By Stephen Ekwaro
The Central Bank of Kenya on January 14 lowered the Kenya Bankers Reference Rate (KBRR) to 8.54 per cent from 9.13 per cent, sending a strong signal to commercial banks to lower the cost of credit. In lowering the rates, CBK’s Monetary Policy Committee cited an improvement of economic indicators such as inflation, the foreign exchange rate and reduced government borrowing.
The KBRR framework was introduced in July 2014 to enhance transparency in the pricing of credit, to improve the transmission of monetary policy signals into changes in lending rates by commercial banks. The new rate was effective from January 14 and will be in effect until its next review in July 2015 “if market conditions do not change significantly,” the MPC said in a report signed by CBK Governor Prof Njuguna Ndung’u.
The average lending rate by commercial banks currently stands at 15.94 per cent, having fallen by just one percentage point since last July when it stood at 16.91 per cent. The resetting of the KBRR to reflect lower Treasury bill yields sets the stage for borrowers to benefit from a lower interest rate regime, which, analysts say will accelerate economic growth.
However, the banking sector regulator left the Central Bank Rate (CBR) at the same level of 8.5 per cent, where it has been since April 2013, which reflects some bit of control on liquidity in the market. The CBR proved ineffective in bringing down interest rates and many hope the KBRR will generate more tangible benefits for borrowers, especially individuals and the private sector.
In cutting KBRR, the MPC noted that overall inflation had steadily declined in November and December last year, and remained within the range of the government medium-term target of 5. “Overall month-on-month inflation declined from 6.09 per cent in November 2014 to 6.02 per cent in December 2014, mainly reflecting significant declines in the prices of fuel and electricity,” said the MPC.
Confidence in the economy
The shilling’s stability has augured well for the economy despite pressure on most international currencies, reflecting the global strengthening of the US dollar. The shilling was stable against the US dollar and even strengthened against the euro, sterling pound, Japanese yen, as well as the regional currencies. The local currency was buoyed by the resilient foreign exchange inflows through diaspora remittances and increased net purchases of equity by foreign investors at the Nairobi Securities Exchange (NSE), while interventions by the Central Bank of Kenya (CBK) through direct sales of foreign exchange to commercial banks stopped short-term volatility.
“The sustained confidence in the economy reflected in the massive oversubscription of the sovereign bond that was re-opened in December 2014 also supported the Kenya shilling,” said an analyst from a local bank who did not want to be named due to company policy.
Meanwhile, the government’s domestic borrowing programme for the fiscal year 2014/15 remained consistent with the monetary policy objectives. The issuance of the Sovereign Bond in June 2014 and its subsequent re-opening in December 2014 has dampened pressure on both domestic borrowing and domestic interest rates.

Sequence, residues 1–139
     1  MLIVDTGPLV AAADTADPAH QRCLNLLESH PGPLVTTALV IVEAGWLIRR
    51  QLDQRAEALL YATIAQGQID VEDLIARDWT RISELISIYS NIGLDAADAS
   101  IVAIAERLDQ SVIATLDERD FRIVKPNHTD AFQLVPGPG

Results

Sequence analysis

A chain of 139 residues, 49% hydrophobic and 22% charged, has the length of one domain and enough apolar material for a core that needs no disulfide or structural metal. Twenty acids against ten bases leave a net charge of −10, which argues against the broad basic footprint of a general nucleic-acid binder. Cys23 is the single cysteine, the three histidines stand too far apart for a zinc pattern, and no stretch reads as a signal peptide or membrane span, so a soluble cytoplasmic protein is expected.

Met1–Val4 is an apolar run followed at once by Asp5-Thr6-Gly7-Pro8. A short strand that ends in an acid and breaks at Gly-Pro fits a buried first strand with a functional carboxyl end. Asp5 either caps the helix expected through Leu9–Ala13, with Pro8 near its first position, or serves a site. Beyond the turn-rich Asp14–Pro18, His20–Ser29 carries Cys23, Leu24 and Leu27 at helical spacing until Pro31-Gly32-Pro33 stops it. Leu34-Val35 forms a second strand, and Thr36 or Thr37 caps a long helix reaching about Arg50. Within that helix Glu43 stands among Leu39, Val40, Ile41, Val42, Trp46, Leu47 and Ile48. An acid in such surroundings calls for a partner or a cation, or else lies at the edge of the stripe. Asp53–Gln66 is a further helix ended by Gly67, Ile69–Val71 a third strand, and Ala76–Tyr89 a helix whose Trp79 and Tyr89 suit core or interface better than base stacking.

Latest data and stress tests on banks show that the sector remains resilient and, although the ratio of gross non-performing loans to gross loans increased slightly from 5.4 per cent in September 2014 to 5.5 per cent in November, the Committee noted that the banking sector has built significant capital buffers to mitigate the adverse business cycle effects.
New and existing loans amounting to Sh732.2 billion had been converted to the KBRR framework by December 28, 2014 compared to Sh397.24 billion as at October 19.
“Since the rollout of the KBRR framework in July 2014, the average lending rate for the banking sector has been on a downward trend, declining from 16.9 per cent in July 2014 to 15.9 per cent in November, 2014,” the Bank says. “Consequently, the spread between the average commercial banks’ lending rate and the KBRR declined by a percentage point, from 7.8 to 6.8 during the period.”
For many borrowers, the fall may be too small to make an impact as the rates remain among the highest in Africa. Central Bank, though, holds that the full effect of KBRR can be assessed once all loans have been converted into the KBRR framework.
Confidence in the economy, however, remains strong. The MPC Market Perception Survey conducted in December 2014 shows that private sector firms expect inflation and the exchange rate to be stable, and growth to be stronger in 2015. The Survey also showed that the private sector’s optimism for a better business environment in 2015 is high.
Such monetary policy measures, coupled with the lower international oil prices, are expected to stimulate a decline in domestic prices and, and thus lower inflation. But since overall inflation remains in the upper level of the government medium-term target of 5 per cent, retaining the CBR at 8.50 per cent is hoped to facilitate a further decrease in inflation.